Michael Thorpe, founder, president and senior advisor at Toronto-based Blackwell Financial, says the focus on technological innovation – including the ability to use e-signatures – is the key reason why he’s now running his practice through Wealthforce.
“If I have a client who is a half hour to an hour away, having the [ability to use] e-signatures … [it] reduces the amount of time that I have to spend on the road significantly,” he says.
Furthermore, Mr. Thorpe says he now has more freedom to leverage social media with Wealthforce whereas his former dealer – which he says is one of Canada’s largest – restricted advisors from certain social media platforms and posting original content.
Ken Parker, chief financial officer at Belay and a longtime mutual fund industry executive, says it’s true big firms have difficulty adapting to change as quickly as a new firm designed around innovation.
“Most dealers out there are well-established, very large and have lots of legacy issues [with technology] that make it [difficult to implement] big changes,” he says.
As such, Canada’s largest robo-advisor firm, Toronto-based Wealthsimple Inc., also is banking that its strength in technology will help attract independent MFDA-licensed advisors to its new mutual fund dealer, Wealthsimple Advisor Services.
Jean-Francois Courville, CEO of Wealthsimple Advisor Services, says the parent company used technology to capitalize on the increasing popularity of low-cost ETFs. But as the robo-advisor’s business grew, management realized that many Canadians still want to work with advisors and have a face-to-face relationship.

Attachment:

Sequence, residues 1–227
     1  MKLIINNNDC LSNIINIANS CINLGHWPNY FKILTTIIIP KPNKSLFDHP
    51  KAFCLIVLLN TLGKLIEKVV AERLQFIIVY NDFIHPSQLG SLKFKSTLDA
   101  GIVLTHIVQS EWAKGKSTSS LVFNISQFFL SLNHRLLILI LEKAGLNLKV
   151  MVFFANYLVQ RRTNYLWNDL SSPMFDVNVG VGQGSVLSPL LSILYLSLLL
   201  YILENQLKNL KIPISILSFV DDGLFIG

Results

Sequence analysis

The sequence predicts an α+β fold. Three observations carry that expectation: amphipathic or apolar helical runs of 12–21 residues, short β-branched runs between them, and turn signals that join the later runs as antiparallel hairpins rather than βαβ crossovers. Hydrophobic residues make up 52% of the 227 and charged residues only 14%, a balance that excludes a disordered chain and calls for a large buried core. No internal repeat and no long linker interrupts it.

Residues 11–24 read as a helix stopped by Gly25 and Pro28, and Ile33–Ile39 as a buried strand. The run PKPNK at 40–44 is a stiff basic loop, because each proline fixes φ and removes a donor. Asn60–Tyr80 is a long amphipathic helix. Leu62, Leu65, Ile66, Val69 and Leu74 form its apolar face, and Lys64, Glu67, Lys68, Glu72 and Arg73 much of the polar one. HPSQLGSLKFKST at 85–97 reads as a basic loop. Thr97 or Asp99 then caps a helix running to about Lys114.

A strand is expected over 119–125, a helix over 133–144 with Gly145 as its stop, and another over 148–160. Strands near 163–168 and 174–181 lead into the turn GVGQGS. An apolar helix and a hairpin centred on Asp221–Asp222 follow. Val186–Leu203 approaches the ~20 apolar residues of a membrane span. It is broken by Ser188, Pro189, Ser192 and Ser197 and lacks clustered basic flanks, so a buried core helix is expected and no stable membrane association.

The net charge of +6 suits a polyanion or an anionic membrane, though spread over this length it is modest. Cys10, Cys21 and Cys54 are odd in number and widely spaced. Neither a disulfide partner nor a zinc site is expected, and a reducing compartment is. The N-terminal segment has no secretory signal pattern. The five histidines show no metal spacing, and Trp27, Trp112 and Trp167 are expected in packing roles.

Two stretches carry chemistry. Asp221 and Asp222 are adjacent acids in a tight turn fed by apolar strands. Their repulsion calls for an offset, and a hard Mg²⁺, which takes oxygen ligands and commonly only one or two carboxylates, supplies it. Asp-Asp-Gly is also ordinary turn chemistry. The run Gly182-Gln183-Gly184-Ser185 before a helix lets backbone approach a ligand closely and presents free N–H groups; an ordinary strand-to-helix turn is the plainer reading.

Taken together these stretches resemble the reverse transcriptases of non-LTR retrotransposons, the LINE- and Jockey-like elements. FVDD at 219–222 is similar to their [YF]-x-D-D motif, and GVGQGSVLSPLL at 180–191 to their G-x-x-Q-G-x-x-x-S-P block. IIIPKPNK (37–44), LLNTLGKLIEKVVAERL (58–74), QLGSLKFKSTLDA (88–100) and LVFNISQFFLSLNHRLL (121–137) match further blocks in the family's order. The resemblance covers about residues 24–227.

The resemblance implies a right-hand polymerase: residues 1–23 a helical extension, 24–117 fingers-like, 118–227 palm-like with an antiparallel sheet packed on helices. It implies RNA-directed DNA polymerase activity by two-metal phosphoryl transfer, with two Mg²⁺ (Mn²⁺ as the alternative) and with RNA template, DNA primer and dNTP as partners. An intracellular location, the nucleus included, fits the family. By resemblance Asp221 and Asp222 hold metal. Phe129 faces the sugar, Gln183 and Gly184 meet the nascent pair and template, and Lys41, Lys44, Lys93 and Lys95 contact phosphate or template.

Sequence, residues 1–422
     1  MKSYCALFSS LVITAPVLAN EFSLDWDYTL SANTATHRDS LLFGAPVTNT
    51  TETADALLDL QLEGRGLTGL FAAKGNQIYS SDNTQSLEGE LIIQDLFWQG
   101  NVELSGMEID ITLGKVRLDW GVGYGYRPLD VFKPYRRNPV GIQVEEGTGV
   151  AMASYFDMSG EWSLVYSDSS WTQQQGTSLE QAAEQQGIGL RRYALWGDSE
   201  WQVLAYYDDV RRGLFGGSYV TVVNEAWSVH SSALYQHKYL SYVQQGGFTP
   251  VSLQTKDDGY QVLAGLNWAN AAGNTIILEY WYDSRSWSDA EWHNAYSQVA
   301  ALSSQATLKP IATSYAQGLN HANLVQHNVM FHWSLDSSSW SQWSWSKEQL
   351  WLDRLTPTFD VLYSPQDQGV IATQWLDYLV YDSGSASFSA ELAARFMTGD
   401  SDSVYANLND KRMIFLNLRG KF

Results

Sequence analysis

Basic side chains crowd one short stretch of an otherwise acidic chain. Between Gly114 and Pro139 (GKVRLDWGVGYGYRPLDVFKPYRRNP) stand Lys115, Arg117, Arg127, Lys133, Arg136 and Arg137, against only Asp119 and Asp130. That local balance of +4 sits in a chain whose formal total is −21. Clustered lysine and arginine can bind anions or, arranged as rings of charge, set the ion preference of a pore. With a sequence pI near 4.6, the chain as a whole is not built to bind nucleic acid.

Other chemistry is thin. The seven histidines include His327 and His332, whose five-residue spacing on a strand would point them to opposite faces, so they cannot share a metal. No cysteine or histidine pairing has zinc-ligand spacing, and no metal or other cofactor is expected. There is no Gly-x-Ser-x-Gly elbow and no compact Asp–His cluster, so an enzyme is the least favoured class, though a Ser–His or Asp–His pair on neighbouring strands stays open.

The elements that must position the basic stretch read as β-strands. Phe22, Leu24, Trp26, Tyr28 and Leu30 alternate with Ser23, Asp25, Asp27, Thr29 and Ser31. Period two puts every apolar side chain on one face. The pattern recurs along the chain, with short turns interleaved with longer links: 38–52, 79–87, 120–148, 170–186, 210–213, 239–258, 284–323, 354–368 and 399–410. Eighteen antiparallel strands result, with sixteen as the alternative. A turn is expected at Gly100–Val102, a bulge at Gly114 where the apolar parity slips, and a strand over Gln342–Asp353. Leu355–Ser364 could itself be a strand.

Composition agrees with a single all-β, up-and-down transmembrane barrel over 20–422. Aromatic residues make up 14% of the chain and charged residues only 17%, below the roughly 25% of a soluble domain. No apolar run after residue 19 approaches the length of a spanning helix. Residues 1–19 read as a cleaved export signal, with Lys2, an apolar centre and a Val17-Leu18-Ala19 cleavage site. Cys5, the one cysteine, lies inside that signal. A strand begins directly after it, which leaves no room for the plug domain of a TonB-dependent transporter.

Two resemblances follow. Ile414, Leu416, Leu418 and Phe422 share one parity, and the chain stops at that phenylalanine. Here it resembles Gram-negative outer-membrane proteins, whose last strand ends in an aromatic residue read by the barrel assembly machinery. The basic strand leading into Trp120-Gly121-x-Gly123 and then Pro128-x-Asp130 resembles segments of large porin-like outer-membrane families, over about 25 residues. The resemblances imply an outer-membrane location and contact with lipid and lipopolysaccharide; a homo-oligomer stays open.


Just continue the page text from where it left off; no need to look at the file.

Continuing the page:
Previous to the launch of Wealthsimple Advisor Services, Wealthsimple had worked with advisors on a referral basis through Wealthsimple for Advisors, which has been available since 2016.
That service offers access to passive ETF portfolios as well as more actively managed strategies. Yet, because Wealthsimple for Advisors is not a dealer, independent advisors had to give up the investment management component of their businesses.
“We sought to use the technology to make good advisors great and liberate them to serve their clients better and grow their business,” Mr. Courville says.
Wealthsimple Advisor Services can provide a complete suite of services for independent MFDA-licensed advisors, including a lineup of mutual fund portfolios, allowing them to maintain the entire client relationship.
“By offering these model portfolios, we’re creating an advisory environment that is not weighed down by the complexity that exists in the legacy dealers, which more often than not grapple with 40,000 mutual fund codes, creating all kinds of issues,” he says.
Mr. Courville further notes that Wealthsimple’s entry into the space demonstrates mutual funds remain in high demand – and although some traditional MFDA dealers have disappeared, new ones have emerged that have embraced the role new technologies can play in helping advisors run their businesses.
“Everybody thought technology would accelerate the downfall of the advisor,” he says. “That’s a bit misguided. In reality, technology empowers good people to do a great job, in turn validating why many us got into the business in the first place.”